How do I rent sheltered housing?
The private rental market for sheltered housing is very small as the vast majority of schemes are owned by councils, housing associations or local charities. However, there are a handful of sheltered housing schemes that are privately owned with properties to rent on a private basis at a market rate.
To rent sheltered housing on a private basis you can:
- make enquiries with Elderly Accommodation Counsel (EAC), which can advise on sheltered housing schemes in your area that are for rent on a private basis
search for retirement properties that are available to rent privately from an individual landlord; owners may have vacated the property but don't wish to sell and are therefore letting the property out to help cover the service charges that they, as a leaseholder, will be responsible for paying
go to local estate agents, who are likely to have details of such vacancies – there is also a national company, called Girlings, that purchases sheltered housing properties within developments and lets them privately
research into almshouses (run as local charities), which set their own eligibility criteria for applicants to live in one of their properties – if you meet these criteria, their waiting lists are often a lot shorter than those belonging to councils and housing associations.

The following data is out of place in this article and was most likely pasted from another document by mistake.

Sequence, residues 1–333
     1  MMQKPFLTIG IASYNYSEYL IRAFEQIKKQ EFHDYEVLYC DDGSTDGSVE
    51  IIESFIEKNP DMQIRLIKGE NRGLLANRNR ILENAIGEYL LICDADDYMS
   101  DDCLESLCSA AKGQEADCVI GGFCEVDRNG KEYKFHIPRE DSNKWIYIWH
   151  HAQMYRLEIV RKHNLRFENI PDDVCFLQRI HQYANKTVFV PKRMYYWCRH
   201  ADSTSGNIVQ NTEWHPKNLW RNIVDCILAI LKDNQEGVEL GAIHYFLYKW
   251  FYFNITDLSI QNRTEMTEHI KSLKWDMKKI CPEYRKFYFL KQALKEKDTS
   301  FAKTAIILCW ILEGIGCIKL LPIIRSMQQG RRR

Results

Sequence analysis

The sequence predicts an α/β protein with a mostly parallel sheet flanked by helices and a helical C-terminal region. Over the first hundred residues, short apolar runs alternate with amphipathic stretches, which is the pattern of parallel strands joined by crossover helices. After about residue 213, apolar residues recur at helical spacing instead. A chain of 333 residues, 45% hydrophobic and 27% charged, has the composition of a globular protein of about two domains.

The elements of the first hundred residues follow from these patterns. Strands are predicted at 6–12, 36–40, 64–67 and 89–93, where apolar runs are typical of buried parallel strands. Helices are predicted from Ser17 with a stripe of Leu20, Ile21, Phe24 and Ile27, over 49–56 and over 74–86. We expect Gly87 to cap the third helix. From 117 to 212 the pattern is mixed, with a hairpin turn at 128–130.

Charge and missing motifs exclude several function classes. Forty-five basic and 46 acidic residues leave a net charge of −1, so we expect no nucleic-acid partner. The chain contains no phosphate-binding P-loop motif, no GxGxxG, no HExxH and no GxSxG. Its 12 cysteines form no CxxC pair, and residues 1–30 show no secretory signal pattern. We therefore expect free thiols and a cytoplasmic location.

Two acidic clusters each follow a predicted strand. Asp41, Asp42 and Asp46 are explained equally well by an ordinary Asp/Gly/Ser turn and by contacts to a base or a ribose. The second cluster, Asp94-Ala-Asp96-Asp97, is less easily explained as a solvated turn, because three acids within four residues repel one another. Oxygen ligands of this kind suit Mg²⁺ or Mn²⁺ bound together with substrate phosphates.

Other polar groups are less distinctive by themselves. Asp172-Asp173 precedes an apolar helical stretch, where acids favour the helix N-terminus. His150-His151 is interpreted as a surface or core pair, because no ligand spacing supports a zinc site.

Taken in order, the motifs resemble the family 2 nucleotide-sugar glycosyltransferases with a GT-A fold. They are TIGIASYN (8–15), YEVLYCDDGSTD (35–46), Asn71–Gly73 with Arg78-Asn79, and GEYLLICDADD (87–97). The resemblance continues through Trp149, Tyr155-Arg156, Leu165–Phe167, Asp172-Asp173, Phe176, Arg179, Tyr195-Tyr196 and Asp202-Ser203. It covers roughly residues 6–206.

What protection is there for sheltered housing tenants?
Most people renting sheltered accommodation – whoever they are renting from – will be tenants as opposed to holding a licence to occupy a property. Tenants are protected in two main ways.
As a tenant you will have to sign a tenancy agreement that details your rights and responsibilities, as well as those of the landlord/management organisation. Once you have both signed this, it is legally binding.
Your tenancy is likely to be either an Assured Shorthold Tenancy, which is often fixed for a period of six to 12 months, or an Assured Tenancy, which gives you a greater security of tenure as a tenant. If you rent from an almshouse or Abbeyfield Property then you’re likely to have a licence, which gives you very limited protection from eviction and generally doesn’t have a fixed term.
The legal right to keep your home
The law gives assured tenants the right to keep their home. Landlords must follow a set process and obtain a court order if they want you to leave, and this can take a long time.
There are different types of tenancies. If you’re not sure which type the sheltered housing scheme is offering, then you will need to seek advice. The Which? Money guide to tenancy agreements gives details about the different types of tenancies.
For advice on tenants’ rights and housing provision, contact the Citizens Advice Bureaux (CAB) to find your nearest advice centre.
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